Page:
On 21 May, the government announced that a programme of Covid-19 antibody testing will commence in June. This is distinct from the swab tests, which detect, with variable accuracy, whether someone is currently infected. Antibody tests aim to confirm who has had Covid-19 in the past, including those who had minor or no symptoms.
Initially, antibody tests will be offered to health and care workers, but clinicians will also be able to order them for appropriate patients. On the face of it, this sounds like good news. Indeed, Matt Hancock resurrected the prospect of coronavirus “passports”, issued to those proven by antibody testing to have previously had the infection – the idea being that a “passport” would allow them return to normal life as they are supposedly no longer susceptible.
The history of antibody testing has been chequered. In early April, the government ordered 17.5 million kits that proved so unreliable as to be useless. Covid-19 is only one of a number of coronaviruses (the others cause the common cold) and early tests were dogged by cross-reactivity from antibodies against these viral cousins – as well as, intriguingly, failure to detect Covid-19 antibodies in some patients definitely known to have recovered from the disease.
The antibody test now being rolled out performs substantially better, with reported accuracy of close to 100 per cent. In order to achieve this, however, the test focuses on antibodies against proteins contained deep within the virus’s core – proteins that appear specific to this particular coronavirus, but which have nothing to do with its ability to infect cells. Core proteins only become “visible” to the immune system – and hence only provoke antibody production – once viral particles have been broken up during an established infection. While these core antibodies give a reliable signature that “Covid-19 was here”, they tell us nothing about the tested individual’s immunity – their ability to repel repeat infection.
The antibodies that might prevent Covid-19 causing infection are those that attack proteins in the virus’s outer coating, most importantly the “spike” or S-protein – the molecule that acts as a key and unlocks entry into human cells. The bulk of vaccine initiatives being pursued around the world aim to find ways to stimulate the immune system to produce S-protein antibodies; the idea being that when trying to infect a vaccinated individual, Covid-19 would encounter a sea of pre-formed antibodies that would bind to its key and render it ineffective.
These “neutralising” antibodies illustrate some of the complexity of the race to achieve an effective vaccine. Results from an animal study of one S-protein vaccine candidate suggest that it doesn’t prevent infection, though it may reduce the chance of Covid-19 causing pneumonia. Were that to be borne out in human trials, it may still be a worthwhile outcome – viral pneumonia appears to be the gateway into the severest form of the disease – but there are many unknowns. The life-threatening complications of Covid-19 are not generally a direct result of viral infection itself, but arise from an uncontrolled immune response characterised by huge inflammation. This typically appears after six to ten days, when antibody production is starting to kick in, raising the possibility that in some people antibody-mediated immunity may actually be harmful. How a vaccine that primes antibody production against Covid-19 will affect susceptibility to this inflammatory syndrome is unknown.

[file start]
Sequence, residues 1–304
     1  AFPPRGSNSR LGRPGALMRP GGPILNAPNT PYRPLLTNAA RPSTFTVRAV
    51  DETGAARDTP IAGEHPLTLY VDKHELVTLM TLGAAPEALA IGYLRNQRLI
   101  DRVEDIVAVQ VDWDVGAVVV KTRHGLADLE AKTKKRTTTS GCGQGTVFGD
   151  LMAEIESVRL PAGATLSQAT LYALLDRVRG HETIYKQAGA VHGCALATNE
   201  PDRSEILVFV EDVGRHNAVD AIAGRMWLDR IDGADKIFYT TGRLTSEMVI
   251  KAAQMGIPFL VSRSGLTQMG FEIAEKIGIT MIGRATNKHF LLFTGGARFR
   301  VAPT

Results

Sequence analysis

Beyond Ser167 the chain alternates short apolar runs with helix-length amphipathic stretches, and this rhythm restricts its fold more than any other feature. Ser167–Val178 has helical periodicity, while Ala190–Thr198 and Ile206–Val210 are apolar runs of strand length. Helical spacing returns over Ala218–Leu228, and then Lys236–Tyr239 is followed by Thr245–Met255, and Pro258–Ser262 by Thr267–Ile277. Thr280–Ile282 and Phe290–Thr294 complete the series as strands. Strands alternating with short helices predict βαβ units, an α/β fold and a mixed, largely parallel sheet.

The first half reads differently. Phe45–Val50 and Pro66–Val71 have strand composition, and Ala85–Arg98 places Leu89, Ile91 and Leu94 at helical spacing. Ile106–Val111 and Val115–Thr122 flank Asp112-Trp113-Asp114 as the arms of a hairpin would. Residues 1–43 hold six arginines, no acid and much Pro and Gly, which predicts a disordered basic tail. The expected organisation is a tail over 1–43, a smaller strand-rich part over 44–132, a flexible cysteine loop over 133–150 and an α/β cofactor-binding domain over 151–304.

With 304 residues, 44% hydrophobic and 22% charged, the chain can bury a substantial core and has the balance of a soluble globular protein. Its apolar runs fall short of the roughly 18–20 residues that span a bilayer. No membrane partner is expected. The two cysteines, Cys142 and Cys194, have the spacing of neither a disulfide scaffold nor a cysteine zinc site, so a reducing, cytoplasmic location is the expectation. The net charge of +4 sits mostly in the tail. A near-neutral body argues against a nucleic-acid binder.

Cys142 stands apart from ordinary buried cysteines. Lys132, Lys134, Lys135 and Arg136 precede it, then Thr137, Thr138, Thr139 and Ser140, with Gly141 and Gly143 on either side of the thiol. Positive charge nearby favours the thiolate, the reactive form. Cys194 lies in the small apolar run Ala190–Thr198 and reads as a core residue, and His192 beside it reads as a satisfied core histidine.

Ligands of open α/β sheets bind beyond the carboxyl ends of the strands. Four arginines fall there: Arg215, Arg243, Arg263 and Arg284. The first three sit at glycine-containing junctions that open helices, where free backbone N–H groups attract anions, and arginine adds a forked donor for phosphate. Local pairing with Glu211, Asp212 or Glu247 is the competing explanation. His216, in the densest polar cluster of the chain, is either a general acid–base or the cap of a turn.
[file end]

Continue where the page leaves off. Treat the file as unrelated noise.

Other facets of the immune system may be vital in containing and eliminating Covid-19 while it is still a trivial infection. Certain T-lymphocytes, a sub-class of immune cell, are able to recognise and destroy cells infected with a wide range of viruses. This innate immune response fights viral infection before antibody production even begins, and may be the explanation why children – whose innate immunity is constantly stimulated by viral illnesses – appear more resistant to Covid-19. Weakened innate immunity may be at the heart of severe disease.
The only way of assessing whether vaccine-induced antibodies are helpful or harmful will be to track outcomes in volunteers divided into two random groups: one group given doses of the new vaccine, the other given a placebo. To get meaningful results, you would need significant numbers of people in each group to encounter coronavirus and see what happens. But the success of lockdown creates a paradoxical problem. Rates of new infection are currently low, so relying on participants to encounter Covid-19 naturally will mean trials will take a very long time to gather sufficient data.
One solution would be to turn these studies into “challenge” trials: deliberately exposing volunteers to live coronavirus. The World Health Organisation has cautiously endorsed this approach on grounds of the greater good: a vaccine is vital. It advises that volunteers should exclusively be fit young adults, the demographic least likely to suffer severe Covid-19. Such trials still wouldn’t provide information about how those most vulnerable would fare. And, even among fit young adults some volunteers may die.
Challenge trials may be ethically more acceptable were there an effective treatment with which to rescue volunteers who become seriously unwell. We are a long way from that. Trump’s much-vaunted hydroxychloroquine and azithromycin have now been shown to increase deaths among hospitalised patients. Repurposed antiviral drugs achieve at best marginal benefits. The global medical-scientific community is grappling with a complex new disease. Economic imperatives demand fast solutions. Biological reality suggests we are going to need to suppress and contain Covid-19 for a good while yet, to allow our understanding to grow.
This article appears in the 27 May 2020 issue of the New Statesman, The peak